Backwards compatibility has proven to not be in the interests of the console manufacturers for whatever reason as demonstrated for instance when Sony dropped it in the later versions of their PS3 console, but I think there is still a market to be had by selling the games on their intended machines at the end of its life – see Richard Leadbetter’s brief look Silent Hill HD for instance.
It should also be taken into consideration seeing as the new redesigned consoles provide a good opportunity to launch such an incentive, as it saves them having to redesign the original from scratch or asking that those with older models convert them. It encourages them to purchase the new variation because of the prospect of playing the games they always wanted to. What have Sony, Microsoft or even Nintendo got to lose by doing that?
This is from the Official UK Playstation Magazine (PSM) issue 18. It may take a while to load but I will provide a better quality version soon I hope.
Well I wasn’t going to but here it is – the history of Lobotomy Software.
Jason Venter, a self-professed “Nintendo fan” was given the chance to review a Sega game a few days ago. Now you may be thinking that what I am about to say relates to the bickering that took place between Nintendo and Sega all those years ago but you’d be wrong, because a Nintendo fan should know a classic for when they see one. In this case it’s obvious that he’d never touched the game before in his life.
Anyway I draw your attention to the abysmal review of Jet Set Radio on Xbox Live, PSN and PC Digital, in which he awarded the game 4.5 out of 10 simply because it didn’t live up to his modern standards (and while he didn’t say this in so many words you’d have to be blind to miss it).
Jet Set Radio was a revolutionary game first released on the Dreamcast in 2000 because it was the pioneer of cel-shaded computer graphics, which in turn created a massive spurt in the number of games that similarly exhibited it: XIII, Zelda: Wind Waker, Prince of Persia (2008). The list goes on.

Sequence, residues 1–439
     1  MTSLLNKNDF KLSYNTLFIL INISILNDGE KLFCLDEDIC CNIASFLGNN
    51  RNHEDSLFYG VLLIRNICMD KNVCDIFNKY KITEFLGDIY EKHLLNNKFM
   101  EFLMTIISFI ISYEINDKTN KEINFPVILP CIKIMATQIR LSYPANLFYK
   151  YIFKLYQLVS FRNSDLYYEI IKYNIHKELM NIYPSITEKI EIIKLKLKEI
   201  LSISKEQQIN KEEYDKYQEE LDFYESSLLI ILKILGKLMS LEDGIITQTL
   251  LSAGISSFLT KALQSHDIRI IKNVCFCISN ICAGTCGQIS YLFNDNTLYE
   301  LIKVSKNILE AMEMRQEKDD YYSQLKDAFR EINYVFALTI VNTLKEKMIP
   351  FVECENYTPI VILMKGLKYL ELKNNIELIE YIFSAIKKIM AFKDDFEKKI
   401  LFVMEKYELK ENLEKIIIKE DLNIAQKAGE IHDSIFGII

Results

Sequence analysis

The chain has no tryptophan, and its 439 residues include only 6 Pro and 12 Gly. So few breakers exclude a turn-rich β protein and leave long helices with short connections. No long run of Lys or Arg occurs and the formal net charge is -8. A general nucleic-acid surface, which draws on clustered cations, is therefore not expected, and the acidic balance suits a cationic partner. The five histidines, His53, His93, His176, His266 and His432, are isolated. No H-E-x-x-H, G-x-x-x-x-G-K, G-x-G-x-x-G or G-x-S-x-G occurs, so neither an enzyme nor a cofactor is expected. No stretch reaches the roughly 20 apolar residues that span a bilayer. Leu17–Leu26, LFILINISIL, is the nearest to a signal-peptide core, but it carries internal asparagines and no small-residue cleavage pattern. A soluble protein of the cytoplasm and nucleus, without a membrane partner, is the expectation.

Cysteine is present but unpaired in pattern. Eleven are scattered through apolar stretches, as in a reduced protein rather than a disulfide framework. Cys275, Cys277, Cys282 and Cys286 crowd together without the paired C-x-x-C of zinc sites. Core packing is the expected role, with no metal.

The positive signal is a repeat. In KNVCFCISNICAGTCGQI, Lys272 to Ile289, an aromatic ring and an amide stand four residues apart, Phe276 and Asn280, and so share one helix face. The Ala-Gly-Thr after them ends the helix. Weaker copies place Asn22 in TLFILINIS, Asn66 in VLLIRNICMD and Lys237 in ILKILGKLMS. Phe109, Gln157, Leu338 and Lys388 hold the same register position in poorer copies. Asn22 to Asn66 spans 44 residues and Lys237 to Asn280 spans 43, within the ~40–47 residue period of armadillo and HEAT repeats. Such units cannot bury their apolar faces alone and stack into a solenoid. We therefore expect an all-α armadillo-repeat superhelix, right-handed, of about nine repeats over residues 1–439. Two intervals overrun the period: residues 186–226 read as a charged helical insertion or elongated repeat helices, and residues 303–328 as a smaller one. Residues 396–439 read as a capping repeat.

In Venter’s review while it is true that JSR found prominence primarily because of its aesthetic design, to believe it won over its many fans on this point alone is foolish to say the very least. I’d go so far as to say it shows a great deal of ignorance on Venter’s part.
I say this because in retrospect it would be like giving Pac-man 4.5 for its “barren” landscapes (never mind that this was due to technical limitations at the time), Defender and Super Metroid (for it’s backtracking) should get 4.5 because “You may overshoot your intended destination, and that often means you must backtrack through hazardous territory so that you can make another attempt.”
Under Venter’s rationale Ikaruga, Darius and every other scrolling shooter for that matter, would similarly deserve 4.5 because “Until you memorize the stage layout in its entirety (along with the route your rivals follow), you don’t stand a chance.” Please note that those in quotation marks have been lifted directly from Venter’s actual review – I kid you not.
So we must ask ourselves: how can we honestly take guys like Jason Venter and the media outlets like GameSpot that they represent seriously? The simple answer is that you can’t, but what you can do instead is to head over to other websites like Eurogamer or perhaps IGN where their reviews aren’t quite so ridiculous as to lose all credibility.
We all like to read about an end of an era (though this largely depends on which side you’re from).
I’m actually talking about the end of the high street videogaming vendor. I don’t know if many of you remember the old days of Electronics Boutique but with recent news that Game is about to go into administration and Electronic Arts’ worrying statement about their views on how Game should proceed, it does appear that videogame vendors will become a thing of the past.